The Coen Brothers remake gains an IMDB rating of 7.8, which is a half point better than the original version. It has to be said that both adaptations have their good aspects, but the rating is probably a fair judge on the merits of the two productions.

Friday 24 September 2021

Birthday of a UK Sportstar - Superstar

150 years ago today on 24th September 1871, Charlotte 'Lottie' Dod, a British sportswoman who was highly skilled in a variety of sports, was born in Cheshire.

Lottie Dod, aged 20

Best known as a tennis player, she won the Wimbledon ladies’ singles tennis championship 5 times, the first of which at age 15 in 1887. She remains the youngest winner of the title which is a record unlikely ever to be taken away from her.

She also won the British Ladies Amateur Golf Championship, played hockey for the England ladies' national team on two occasions (which she also helped found) and won a silver medal for archery at the 1908 London Olympics.

The Guinness Book of Records has named her the most versatile female athlete of all time, along with track and field athlete, and fellow golfer Babe Zaharias.

She passed away in June 1960, aged 88.

If the BBC SPOTY had been around in those days, I think it’s pretty certain she would have carried off the trophy on numerous occasions.

Saturday 11 September 2021

The Creation of Play-Doh

65 years ago on the 16th September 1956, the child's modelling toy Play-Doh first went on sale in the USA. 

However in the 1930's, it was originally marketed as a wallpaper cleaning substance, but was relaunched as a modelling compound when the inventor’s nephew discovered that nursery school children were using it to make Christmas ornaments.

Originally concocted as a pliable, putty-like sunstance by Noah McVicker of the Cincinnati-based soap manufacturer Kutol Products, it was devised as a product which would clean coal residue from wallpaper. But as coal-based home heating made way for natural gas in the 40s and 50s, it resulted in a decrease in the amount of internal soot produced and the market for the putty decreased substantially.

McVicker's nephew Joe McVicker, who joined Kutol in a remit to save the company from going bust, was the brother-in-law of nursery school teacher Kay Zufall. She had seen a newspaper article which described the making of art projects using the putty and had tried it out on her students who enjoyed using it. She persuaded the McVickers to manufacture it as a child's toy and the rest, as they say, is history.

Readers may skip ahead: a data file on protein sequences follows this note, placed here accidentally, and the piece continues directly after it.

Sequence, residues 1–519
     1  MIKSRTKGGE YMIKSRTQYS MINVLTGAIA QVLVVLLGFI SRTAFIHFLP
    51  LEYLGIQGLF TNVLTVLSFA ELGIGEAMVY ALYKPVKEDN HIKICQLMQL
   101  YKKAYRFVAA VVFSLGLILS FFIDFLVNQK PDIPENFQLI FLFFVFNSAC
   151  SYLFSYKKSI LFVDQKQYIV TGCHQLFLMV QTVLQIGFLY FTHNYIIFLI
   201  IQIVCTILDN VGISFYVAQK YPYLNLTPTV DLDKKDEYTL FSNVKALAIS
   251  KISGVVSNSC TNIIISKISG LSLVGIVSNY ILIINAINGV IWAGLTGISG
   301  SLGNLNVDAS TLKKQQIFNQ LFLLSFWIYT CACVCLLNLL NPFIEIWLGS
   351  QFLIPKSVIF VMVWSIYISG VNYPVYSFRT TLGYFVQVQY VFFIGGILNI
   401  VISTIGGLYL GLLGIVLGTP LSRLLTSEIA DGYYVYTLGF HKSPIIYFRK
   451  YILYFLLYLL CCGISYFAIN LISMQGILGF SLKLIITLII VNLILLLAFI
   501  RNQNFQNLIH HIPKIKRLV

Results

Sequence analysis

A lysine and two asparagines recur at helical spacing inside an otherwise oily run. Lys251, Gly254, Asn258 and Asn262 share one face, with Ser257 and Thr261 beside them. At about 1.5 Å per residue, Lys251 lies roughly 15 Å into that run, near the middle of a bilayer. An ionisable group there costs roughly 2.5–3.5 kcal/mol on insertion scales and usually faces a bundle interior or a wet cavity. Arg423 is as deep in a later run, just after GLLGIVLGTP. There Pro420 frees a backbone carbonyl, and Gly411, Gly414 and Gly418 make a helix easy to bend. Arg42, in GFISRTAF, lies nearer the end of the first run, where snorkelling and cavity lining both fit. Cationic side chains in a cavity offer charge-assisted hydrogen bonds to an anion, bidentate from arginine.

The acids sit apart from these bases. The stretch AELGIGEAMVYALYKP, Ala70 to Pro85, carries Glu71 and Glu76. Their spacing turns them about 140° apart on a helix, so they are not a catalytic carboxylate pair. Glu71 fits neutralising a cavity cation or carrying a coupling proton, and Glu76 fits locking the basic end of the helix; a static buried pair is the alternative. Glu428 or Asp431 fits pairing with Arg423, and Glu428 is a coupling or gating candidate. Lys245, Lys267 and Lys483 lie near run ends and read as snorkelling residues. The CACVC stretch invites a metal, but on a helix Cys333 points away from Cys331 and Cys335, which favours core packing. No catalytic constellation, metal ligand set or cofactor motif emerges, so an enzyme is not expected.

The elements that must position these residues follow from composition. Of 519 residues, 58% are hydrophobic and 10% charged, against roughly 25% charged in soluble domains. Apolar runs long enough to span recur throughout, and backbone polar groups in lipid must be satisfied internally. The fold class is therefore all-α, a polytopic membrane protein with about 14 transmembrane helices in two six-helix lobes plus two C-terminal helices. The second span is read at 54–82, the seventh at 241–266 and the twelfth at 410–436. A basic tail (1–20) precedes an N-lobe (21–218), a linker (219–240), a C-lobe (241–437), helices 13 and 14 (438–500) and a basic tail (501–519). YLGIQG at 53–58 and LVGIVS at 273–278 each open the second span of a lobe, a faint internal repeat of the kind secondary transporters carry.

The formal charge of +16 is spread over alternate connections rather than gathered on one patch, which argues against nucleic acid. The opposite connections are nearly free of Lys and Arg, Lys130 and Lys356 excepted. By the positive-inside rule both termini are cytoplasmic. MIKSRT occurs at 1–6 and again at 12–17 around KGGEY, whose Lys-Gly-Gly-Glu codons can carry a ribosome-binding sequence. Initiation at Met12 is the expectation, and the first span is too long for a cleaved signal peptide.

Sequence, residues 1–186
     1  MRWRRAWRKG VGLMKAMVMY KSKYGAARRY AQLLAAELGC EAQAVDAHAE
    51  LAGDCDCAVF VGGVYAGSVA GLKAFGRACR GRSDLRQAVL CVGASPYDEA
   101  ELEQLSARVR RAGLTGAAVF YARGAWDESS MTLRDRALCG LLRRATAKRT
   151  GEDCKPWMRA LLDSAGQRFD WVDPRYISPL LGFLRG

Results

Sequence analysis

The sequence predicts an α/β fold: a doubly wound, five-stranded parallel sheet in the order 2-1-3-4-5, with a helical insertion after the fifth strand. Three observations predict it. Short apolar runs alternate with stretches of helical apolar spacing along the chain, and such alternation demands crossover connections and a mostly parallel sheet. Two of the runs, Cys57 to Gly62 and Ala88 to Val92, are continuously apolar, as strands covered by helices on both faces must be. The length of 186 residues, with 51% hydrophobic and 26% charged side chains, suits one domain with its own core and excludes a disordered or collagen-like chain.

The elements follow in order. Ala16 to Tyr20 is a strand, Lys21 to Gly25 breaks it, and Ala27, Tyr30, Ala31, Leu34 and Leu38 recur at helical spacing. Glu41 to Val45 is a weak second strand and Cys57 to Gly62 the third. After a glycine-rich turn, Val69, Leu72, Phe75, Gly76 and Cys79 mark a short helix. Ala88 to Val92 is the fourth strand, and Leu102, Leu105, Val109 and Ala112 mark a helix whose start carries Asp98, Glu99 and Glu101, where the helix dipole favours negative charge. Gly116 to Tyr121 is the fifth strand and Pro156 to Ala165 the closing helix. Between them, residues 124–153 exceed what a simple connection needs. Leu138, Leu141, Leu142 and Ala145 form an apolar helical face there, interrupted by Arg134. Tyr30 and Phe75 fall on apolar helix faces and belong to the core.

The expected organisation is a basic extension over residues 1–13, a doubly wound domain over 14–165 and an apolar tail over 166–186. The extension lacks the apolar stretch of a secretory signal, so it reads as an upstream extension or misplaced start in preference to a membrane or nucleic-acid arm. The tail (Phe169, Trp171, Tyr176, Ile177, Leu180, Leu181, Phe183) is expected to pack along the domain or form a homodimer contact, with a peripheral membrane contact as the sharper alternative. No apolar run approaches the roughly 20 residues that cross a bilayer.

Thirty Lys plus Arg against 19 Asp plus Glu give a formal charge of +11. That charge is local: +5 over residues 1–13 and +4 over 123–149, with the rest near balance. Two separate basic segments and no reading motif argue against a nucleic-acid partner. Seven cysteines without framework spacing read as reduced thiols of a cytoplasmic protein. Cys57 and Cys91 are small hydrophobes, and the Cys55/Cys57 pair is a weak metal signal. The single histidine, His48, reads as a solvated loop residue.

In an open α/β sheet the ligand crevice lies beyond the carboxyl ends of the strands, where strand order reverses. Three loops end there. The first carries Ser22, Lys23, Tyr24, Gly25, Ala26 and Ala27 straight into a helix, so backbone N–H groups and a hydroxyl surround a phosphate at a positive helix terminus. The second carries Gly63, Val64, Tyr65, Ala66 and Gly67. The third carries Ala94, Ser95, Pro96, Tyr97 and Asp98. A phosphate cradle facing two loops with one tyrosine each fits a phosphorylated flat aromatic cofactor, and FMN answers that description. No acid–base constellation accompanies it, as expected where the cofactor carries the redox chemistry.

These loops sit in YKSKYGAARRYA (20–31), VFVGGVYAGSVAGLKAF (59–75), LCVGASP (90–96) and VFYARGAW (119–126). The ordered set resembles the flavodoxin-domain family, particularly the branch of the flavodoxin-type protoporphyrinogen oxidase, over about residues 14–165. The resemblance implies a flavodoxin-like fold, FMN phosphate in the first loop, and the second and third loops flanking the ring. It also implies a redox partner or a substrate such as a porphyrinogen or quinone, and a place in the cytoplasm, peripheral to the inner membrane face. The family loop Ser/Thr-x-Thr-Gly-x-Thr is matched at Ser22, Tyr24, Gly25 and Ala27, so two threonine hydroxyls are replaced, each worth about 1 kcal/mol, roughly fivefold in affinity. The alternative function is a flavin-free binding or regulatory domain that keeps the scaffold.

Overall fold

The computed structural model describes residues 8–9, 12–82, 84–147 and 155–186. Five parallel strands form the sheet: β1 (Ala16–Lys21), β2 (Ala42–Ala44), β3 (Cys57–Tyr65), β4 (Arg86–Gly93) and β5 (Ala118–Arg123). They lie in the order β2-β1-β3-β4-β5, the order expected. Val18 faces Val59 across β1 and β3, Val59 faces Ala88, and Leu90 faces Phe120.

Kay Zufall
It was Ms Zufall and her husband who came up with the name Play-Doh; the McVickers had wanted to call it Rainbow Modelling Compound.

Friday 10 September 2021

Silent Movie Star Arrested for Rape and Murder: 100 years on.

100 years ago on 11th September 1921, American silent movie star Fatty Arbuckle was arrested for rape and murder.

Arbuckle pictured in 1919 with his dog Luke.

Roscoe Conkling "Fatty" Arbuckle was an American silent movie star, comedian and screenwriter who started out at the Selig Polyscope Company, moving on to the infamous Keystone Company where he worked with, amongst others Harold Lloyd. He was credited with mentoring Charlie Chaplin and discovered Buster Keaton and Bob Hope. 

He was one of the most popular and highest paid Hollywood stars of the 1910's and in 1920 signed a contract to the value of $14,000 (equivalent to $181,000 in 2020).

Arbuckle was the defendant in three widely publicised trials between November 1921 and April 1922 for the alleged rape and manslaughter of actress Virginia Rappe. Rappe had fallen ill at a party hosted by Arbuckle at San Francisco's St. Francis Hotel in September 1921, and died four days later. 

A friend of Rappe accused Arbuckle of raping and accidentally killing her. The first two trials resulted in hung juries, but Keaton testified for the defence in the third trial, which acquitted Arbuckle, and the jury gave him a formal written statement of apology.

Despite Arbuckle's acquittal, the scandal mostly overshadowed his legacy as a pioneering comedian and pretty much ruined his career. 

Arbuckle died in his sleep from a heart attack in 1933 at the age of 46, reportedly on the day he had signed a contract with Warner Brothers to make a film which he hoped would resurrect his reputation and career.